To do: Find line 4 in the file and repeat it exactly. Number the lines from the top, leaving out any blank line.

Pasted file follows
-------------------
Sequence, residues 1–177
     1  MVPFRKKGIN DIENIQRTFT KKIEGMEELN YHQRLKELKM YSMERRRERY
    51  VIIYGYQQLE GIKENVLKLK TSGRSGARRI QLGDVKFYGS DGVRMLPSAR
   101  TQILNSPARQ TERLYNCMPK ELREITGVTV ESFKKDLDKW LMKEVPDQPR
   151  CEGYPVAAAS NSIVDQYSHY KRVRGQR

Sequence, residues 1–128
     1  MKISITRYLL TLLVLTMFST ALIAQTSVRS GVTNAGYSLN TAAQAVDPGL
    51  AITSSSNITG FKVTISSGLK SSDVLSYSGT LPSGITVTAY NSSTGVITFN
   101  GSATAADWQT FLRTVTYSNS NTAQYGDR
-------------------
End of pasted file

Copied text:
   101  TQILNSPARQ TERLYNCMPK ELREITGVTV ESFKKDLDKW LMKEVPDQPR